If your kids love over the top weird and crazy, this British import is for them! Stinkbomb and his sister Ketchup-Face are certain the badgers are responsible for their missing money. So they head out to meet King Toothbrush Weasel to foil the evil, treacherous bad-news badgers. This series is incredibly silly and kids will LOVE it. I read it aloud and particularly enjoyed the metafictional narrative elements. There are six books in the series.
Millicent Min, Girl Genius
by Lisa Yee
It’s tough being 11 and already in high school. As a consequence, Millicent doesn’t have many friends, but she is trying! Now she finds herself tutoring Stanford Wong and making friends with Emily, who doesn’t yet know Millicent’s genius status. Millicent decides to keep the truth from Emily and lets Emily think Stanford is tutoring her instead of the other way round. Funny dialogue and misadventures resulting from Millicent’s questionable decisions make this a “keeps ’em up all night” read.
The Misadventures of the Family Fletcher
by Dana Alison Levy
This book made me laugh out loud. A family of 2 dads and 4 adopted sons (all together they span several ethnicities and religions) lead a rather disordered and hilarious lifestyle. The boys all have different personalities, which could lend themselves to stereotypes, but thankfully do not. After finishing this book I wanted to move right in to the Fletcher household, if only to try out their DIY hockey rink. (You’ll have to read it to find out.)
The Mighty Miss Malone
by Christopher Paul Curtis
This is the funny and poignant story of Deza Malone and her family as they struggle during the Great Depression. Deza is a likable, smart protagonist who observes the ironies, joys and hardships around her. Her scamp of a brother, Jimmie has a gorgeous singing voice and could become a star if he could just stay out of trouble. Her father survives a boating accident, not fully intact, and when he moves away to find employment the rest of the family must go in search of him. Curtis paints a vivid portrait of the 1930s filled with interesting characters.
The Dark Lord Clementine
by Sarah Jean Horwitz
Clementine’s father is The Dark Lord, and Clementine has always understood that she will take his place one day. But now her father has been cursed and Clementine must figure out a way to break the curse before he disappears. Venturing off the farm into the village, Clementine unexpectedly makes friends and learns the value of community. She also discovers her true nature and that her father’s “reign” may not have been so dark after all. The quirky humor and wordplay to keep readers interested.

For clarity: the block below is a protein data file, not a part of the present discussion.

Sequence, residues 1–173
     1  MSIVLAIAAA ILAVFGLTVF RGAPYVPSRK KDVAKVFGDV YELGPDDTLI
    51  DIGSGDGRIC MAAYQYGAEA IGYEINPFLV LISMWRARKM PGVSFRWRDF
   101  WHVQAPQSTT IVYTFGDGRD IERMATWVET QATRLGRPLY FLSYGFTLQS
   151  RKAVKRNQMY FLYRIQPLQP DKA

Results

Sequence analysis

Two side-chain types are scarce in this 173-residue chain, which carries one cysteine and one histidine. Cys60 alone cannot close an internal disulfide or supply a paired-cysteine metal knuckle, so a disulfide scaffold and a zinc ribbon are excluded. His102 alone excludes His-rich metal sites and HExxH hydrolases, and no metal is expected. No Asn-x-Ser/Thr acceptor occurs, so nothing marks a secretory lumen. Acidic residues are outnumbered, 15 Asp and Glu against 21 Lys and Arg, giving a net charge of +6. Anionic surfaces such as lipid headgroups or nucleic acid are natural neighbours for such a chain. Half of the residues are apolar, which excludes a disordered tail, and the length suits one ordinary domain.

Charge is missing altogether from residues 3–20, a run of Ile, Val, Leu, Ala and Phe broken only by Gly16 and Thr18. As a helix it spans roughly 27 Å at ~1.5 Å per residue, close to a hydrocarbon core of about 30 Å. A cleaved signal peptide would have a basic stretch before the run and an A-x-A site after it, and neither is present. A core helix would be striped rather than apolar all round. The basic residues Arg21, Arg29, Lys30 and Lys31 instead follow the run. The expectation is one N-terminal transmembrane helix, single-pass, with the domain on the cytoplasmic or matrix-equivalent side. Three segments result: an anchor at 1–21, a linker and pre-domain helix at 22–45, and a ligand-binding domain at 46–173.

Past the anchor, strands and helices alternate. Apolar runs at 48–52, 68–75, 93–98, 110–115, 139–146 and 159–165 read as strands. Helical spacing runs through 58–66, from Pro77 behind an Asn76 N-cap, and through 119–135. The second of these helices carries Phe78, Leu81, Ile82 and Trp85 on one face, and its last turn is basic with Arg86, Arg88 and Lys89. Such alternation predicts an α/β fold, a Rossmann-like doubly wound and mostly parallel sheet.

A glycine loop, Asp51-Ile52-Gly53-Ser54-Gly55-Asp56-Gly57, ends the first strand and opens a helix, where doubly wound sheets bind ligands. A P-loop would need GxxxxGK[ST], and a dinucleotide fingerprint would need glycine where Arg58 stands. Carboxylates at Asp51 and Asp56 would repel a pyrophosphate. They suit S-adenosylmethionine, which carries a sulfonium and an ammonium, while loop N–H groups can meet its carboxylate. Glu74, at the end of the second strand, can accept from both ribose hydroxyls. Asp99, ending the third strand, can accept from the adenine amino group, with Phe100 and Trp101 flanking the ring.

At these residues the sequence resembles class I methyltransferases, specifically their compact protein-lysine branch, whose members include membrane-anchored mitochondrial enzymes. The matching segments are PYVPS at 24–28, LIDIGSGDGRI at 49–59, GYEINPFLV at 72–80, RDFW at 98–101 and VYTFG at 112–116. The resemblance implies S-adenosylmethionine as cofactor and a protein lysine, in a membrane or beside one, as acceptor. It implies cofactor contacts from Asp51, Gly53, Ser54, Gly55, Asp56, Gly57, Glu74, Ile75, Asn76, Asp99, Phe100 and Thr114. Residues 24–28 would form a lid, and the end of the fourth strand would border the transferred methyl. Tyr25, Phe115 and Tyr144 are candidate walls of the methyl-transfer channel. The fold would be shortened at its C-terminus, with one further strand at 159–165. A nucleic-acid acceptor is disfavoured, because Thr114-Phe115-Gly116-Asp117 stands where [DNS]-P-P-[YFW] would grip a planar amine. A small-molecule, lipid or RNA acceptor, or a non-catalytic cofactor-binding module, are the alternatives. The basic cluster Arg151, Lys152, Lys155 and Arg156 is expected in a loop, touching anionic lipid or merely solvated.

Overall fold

The Problim Children
by Natalie Lloyd
This is the tale of an extremely bizarre bunch of siblings who are left to their own devices while their parents are abroad. The house they are living in goes “Kaboom!” and they move into their grandfather’s house in the nearby town. Only one of the residents, Desdemona O’Pinion, wants the house for herself and schemes to try and get the seven children sent to seven different continents. The Problim children, however, will not be deterred and they use their ingenuity to thwart O’pinion. Children who enjoy Dahl-esque antics and humor will like this new series.
by René Goscinny
My son absolutely loved this classic French book. It is a collection of short vignettes about the mischievous and charming Nicholas and his gang of friends from his all boys school. Each story contains Nicholas’s droll and deadpan commentary about the adults and his humorous descriptions of his friends, their cellphone-free antics and the inevitable chaos. Both my son and I laughed ourselves silly. One of the early stories does have the boys playing “Cowboys and Indians” but as I’ve written before, I use these as teachable moments instead of rejecting the book outright.